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Feasibility of Name

If you have chosen a business name, you may do the following in order to determine if the name chosen is available for use:

  • Check the Register of Deeds office in your county and surrounding counties for similar names listed as assumed names or partnership names.
  • Check online to determine if a proposed name would be available.
  • Check to be sure your name doesn't contain any restricted words.
  • Check business directories, city directories, chamber of commerce lists, etc. in your locality for similar names.
  • For a fee, hire an attorney or a trademark search firm to conduct a trademark search through the U.S. Patent and Trademark Office for similar Federal trademark or service mark registrations.
  • Call or search the Trademark Registration website of the NC Department of the Secretary of State to determine if the words which make up your proposed name have been registered as a trademark or service mark under North Carolina law
  • Conduct searches similar to those outlined above in other states which you plan to operate by contacting the officials in those states which are in charge of similar types of registration. The appropriate offices and the details of registration may vary according to the laws of each state.

You are responsible for deciding which of these steps you should follow to determine whether the name you’ve chosen for your business entity is available or not.

Should you decide upon a name that is already reserved by another business entity, it is possible to transfer that name to your company if the current user of the name agrees. To do this you need to submit form BE-04, “Notice of Transfer of Reserved Name.”

Word Prohibitions

There are statutory and administrative code prohibitions to using specific words in a name.

Statutory Prohibitions

Keep in mind when naming your business that there are certain words and phrases which are prohibited by law from being used in the name unless you have received permission from the proper legal authority.

Those words and phrases include:
  • Bank, Banker and Banking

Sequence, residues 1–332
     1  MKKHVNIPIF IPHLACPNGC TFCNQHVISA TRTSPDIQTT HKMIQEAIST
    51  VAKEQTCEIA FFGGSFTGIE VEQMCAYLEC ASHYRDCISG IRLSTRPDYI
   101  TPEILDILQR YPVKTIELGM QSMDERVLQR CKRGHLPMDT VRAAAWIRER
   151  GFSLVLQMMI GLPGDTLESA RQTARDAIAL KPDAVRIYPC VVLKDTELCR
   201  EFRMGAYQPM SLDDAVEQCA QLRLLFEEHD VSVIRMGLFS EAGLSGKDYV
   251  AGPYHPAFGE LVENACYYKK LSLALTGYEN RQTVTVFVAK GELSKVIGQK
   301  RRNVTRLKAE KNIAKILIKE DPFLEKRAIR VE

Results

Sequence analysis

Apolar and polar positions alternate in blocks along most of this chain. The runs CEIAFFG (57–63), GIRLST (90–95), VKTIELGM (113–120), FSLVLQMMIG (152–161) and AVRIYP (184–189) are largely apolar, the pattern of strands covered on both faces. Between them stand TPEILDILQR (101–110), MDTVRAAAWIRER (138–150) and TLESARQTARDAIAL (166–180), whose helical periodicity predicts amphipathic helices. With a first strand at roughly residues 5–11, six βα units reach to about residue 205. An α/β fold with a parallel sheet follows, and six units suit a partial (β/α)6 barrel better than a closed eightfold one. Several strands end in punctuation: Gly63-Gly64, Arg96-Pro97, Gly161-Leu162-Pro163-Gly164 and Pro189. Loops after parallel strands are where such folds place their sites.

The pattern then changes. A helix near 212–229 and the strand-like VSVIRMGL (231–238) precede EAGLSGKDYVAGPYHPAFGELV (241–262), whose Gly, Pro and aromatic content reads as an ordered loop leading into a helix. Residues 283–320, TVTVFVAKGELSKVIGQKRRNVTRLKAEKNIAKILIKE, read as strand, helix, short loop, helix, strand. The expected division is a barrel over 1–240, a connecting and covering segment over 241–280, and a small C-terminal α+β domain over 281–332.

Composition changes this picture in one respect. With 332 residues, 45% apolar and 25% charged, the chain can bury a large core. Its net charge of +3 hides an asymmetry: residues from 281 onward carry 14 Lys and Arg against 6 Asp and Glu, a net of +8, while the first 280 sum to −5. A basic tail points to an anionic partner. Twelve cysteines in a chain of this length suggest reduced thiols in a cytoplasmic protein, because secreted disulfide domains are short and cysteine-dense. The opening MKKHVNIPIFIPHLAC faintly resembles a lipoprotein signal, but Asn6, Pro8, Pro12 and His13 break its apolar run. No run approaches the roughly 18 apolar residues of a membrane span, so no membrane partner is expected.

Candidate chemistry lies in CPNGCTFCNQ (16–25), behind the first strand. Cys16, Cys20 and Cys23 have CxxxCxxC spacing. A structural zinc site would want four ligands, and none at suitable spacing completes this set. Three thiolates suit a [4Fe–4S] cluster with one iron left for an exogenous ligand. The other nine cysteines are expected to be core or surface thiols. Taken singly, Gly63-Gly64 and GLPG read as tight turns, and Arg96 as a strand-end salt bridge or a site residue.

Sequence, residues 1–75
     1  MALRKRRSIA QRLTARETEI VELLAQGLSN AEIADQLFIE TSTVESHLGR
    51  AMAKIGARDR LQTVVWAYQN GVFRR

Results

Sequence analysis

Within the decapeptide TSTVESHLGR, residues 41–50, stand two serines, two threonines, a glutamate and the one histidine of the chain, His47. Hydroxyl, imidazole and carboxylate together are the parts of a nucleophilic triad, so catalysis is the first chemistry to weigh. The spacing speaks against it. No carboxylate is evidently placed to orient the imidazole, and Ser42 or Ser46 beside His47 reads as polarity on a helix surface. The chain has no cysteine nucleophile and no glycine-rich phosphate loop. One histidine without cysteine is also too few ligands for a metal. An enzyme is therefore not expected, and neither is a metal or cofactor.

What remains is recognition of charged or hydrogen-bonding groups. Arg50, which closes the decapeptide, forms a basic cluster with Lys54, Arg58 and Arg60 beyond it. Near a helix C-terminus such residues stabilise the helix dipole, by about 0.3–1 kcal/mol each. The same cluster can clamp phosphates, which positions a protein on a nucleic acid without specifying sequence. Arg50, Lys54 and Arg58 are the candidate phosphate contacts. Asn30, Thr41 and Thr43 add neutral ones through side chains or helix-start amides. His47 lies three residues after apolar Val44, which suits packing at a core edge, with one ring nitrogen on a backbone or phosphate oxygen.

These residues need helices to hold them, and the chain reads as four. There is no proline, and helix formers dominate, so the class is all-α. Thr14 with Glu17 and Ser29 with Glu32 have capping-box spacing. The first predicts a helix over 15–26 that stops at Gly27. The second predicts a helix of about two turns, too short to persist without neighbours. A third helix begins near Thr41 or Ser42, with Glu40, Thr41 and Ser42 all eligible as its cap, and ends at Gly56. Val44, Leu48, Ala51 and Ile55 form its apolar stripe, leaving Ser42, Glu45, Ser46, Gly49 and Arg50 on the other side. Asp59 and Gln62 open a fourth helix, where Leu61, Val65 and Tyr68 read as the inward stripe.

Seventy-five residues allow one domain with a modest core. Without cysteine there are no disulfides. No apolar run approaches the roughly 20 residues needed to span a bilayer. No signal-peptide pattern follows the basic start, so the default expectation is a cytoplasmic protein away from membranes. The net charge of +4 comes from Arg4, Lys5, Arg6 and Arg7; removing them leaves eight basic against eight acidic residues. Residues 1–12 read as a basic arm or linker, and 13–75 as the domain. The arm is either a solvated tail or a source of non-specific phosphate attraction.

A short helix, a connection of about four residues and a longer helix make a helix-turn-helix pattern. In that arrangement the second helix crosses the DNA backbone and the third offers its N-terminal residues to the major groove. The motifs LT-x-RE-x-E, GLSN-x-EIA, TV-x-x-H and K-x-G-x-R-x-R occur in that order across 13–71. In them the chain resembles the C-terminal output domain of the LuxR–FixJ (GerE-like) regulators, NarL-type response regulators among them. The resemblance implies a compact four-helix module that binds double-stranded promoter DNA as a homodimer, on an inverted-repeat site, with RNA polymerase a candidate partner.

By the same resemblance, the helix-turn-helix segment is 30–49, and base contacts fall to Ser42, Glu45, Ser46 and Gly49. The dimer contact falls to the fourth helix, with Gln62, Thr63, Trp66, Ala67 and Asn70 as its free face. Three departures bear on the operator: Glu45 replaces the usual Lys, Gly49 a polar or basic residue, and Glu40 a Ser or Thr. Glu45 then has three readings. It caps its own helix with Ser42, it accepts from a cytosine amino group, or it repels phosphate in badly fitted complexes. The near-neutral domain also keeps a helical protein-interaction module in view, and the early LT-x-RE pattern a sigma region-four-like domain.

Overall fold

• Cooperative, Co-op
  • Mutual
  • Trust

The Department of the Secretary of State will also reject the following words used in names unless the applicant can provide documentation that proves his or her business entity is legally qualified to provide the service indicated:

  • Architect, Architecture, Architectural
  • Certified Public Accountant and abbreviations of such
  • Engineer, Engineering
  • Insurance
  • Pharmacy, Prescription Drug, Drug, Prescription, Rx, Apothecary
  • Realtor
  • Surveyor, Survey, Surveying
  • Wholesale (unless a letter is submitted with the Articles stating that the corporation will comply with N.C. Gen. Stat. § 75-29 by engaging principally in wholesale rather than retail business.)
There are several other words which the Department of the Secretary of State could reject in your corporate name without adequate documentation that your business is legally qualified to provide the service implied in the corporate name.

Administrative Code

18 NCAC 04 .0503 Deceptively Similar and Distinguishable Names

(a) Designations of entities, such as "company", "co.", limited", "ltd.", "corporation", "corp.", "incorporated", "inc.", "professional association", "p.a.", "limited liability company", "L.L.C.", "professional limited liability company", and "limited partnership" shall be disregarded in determining if a proposed entity name is distinguishable upon the records of the Secretary of State, provided that such words appear at the end of the proposed entity name. Such words shall not be disregarded in such determination when they appear in the body, rather than at the ending, of the proposed entity name.

(b) Articles, conjunctions, prepositions, punctuation, spaces, and the substitution of an Arabic numeral for a word shall be disregarded in determining whether a proposed entity name is distinguishable upon the records of the Secretary of State or otherwise permissible for use in a proposed entity name.

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